ATR Supports the “Protecting Retirement Savers and Everyday Investors Act”

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Posted by Isabelle Morales on Wednesday, March 3rd, 2021, 3:00 PM PERMALINK

ATR President Grover Norquist today released a letter in support of the “Protecting Retirement Savers and Everyday Investors Act,” legislation that prohibits states from imposing financial transactions taxes (FTT) on American savers and investors across the country.

All members of Congress should support and co-sponsor this legislation. 

You can read the full letter here or below:

March 3rd, 2021

Re: Support the “Protecting Retirement Savers and Everyday Investors Act"

Dear Representatives McHenry and Huizenga:  

I write in support of the “Protecting Retirement Savers and Everyday Investors Act,” legislation that prohibits states from imposing financial transactions taxes (FTT) on American savers and investors across the country. All members of Congress should support and co-sponsor this legislation.

Most FTT proposals impose a 0.1 – 0.25 percent tax on any buying and selling of stocks, bonds, and other financial instruments. 

In the wake of the Robinhood-GameStop controversy, several Democrats have called for FTTs to limit market volatility. FTTs would do nothing to limit volatility: rather, they would act as a Trojan Horse to pass new regulations and new taxes.

If implemented in any given state, an FTT would result in significant harm to investors. Because the tax would be imposed on transactions processed by the exchanges in a state, it would harm investors across the country, not just those in the state which implements it. Your legislation would protect against this by prohibiting a financial transactions tax on taxpayers outside a state’s borders. 

FTTs represent another attempt by the left to create new and higher taxes on the American people and grow the size and scope of government. If implemented, this tax would have broad, negative economic effects. It would impose an additional layer of taxation on top of corporate income taxes, capital gains taxes, and individual income taxes. This would impose a barrier to trades, which could increase the cost of capital and reduce economic productivity.

This tax could even increase market volatility as investors would be less likely to buy and sell. It also punishes shareholders who have strategically invested, saved and planned for a prosperous future.

An FTT would especially impact 401(k)s, pensions, and index funds. These funds make frequent trades, so the tax would increase the costs of buying and selling, resulting in lower returns. A 0.1% surcharge would require average Americans to work another 2.5 years before retiring in order to make up for the shortfall in savings. A 2021 study conducted by the Modern Markets Initiative found a proposed financial transaction tax  would cost $45,000 to $65,000 over the lifetime of a 401(k) account.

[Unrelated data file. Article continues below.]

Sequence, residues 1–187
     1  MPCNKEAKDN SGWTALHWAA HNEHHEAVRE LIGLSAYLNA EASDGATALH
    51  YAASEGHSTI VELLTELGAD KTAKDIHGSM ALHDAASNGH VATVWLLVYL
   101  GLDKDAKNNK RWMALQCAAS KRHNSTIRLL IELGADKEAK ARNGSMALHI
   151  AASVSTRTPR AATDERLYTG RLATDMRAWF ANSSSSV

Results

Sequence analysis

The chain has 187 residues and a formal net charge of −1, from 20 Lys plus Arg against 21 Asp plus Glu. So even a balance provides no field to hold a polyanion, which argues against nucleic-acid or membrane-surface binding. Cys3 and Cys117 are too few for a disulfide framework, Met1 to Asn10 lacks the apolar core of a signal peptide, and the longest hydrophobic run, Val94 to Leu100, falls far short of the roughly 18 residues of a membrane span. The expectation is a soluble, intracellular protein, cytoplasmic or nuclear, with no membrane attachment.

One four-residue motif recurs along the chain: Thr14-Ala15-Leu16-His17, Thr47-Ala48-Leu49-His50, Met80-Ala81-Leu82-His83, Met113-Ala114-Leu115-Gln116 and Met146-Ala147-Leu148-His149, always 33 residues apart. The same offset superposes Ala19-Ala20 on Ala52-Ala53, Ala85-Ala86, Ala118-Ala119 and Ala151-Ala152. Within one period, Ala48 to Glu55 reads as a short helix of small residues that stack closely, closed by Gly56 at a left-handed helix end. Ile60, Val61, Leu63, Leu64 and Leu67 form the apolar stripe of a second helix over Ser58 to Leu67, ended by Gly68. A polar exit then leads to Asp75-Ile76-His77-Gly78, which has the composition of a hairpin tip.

FTTs fail to raise significant revenue because they reduce trades and increase the cost of capital. In fact, an analysis by the Congressional Budget Office found that imposing a FTT would “decrease the volume of transactions and would make some types of trading activity” and “probably reduce output and employment.” 

This is not hypothetical. FTTs have failed when they have been tried overseas. For instance, in 1984, Sweden imposed a financial transaction tax. However, this tax lasted just six years due to investors fleeing to foreign markets. Not only did the FTT raise little revenue, capital gains tax revenue dropped because of a reduction in sales. According to the Center for Capital Markets, this has also happened in Spain (1988), Netherlands (1990), Germany (1991), Norway (1993), Portugal (1996), Italy (1998), Denmark (1999), Japan (1999), Austria (2000), and France (2008). It was even repealed here in the United States in 1965 through a bipartisan vote, due to its failure. In the years following the repeal, trading volume in the United States increased substantially.  

While many are motivated to support an FTT by their disdain for short-selling, the fact is that short selling is not responsible for market crashes and economic downturns. Instead, it is a function of the free market. Investors will short a stock when they think it is overvalued. In this way, it helps promote investor efficiency and provides information to markets, ultimately softening the blow of a downturn.

For instance, the 2008 market crash could have been far more widespread if short sellers hadn’t recognized the housing market was overvalued. Arbitrarily restricting this trading will likely lead to severe pain if we experience another crash. Rather than improving market volatility, an FTT could make this problem worse as there would be fewer buyers and sellers and therefore more price jumps.

The effort by blue states to impose FTTs should be rejected. These taxes have failed where they have been tried before, would harm economic growth and investment, and would fail to raise any significant revenue. 

The Protecting Retirement Savers and Everyday Investors Act would protect Americans from FTTs by ensuring that states could not impose them on taxpayers across state lines. All members of Congress should co-sponsor and support this important, pro-taxpayer legislation.  

Onward,

Grover Norquist
President, Americans for Tax Reform

Photo Credit: S Chia

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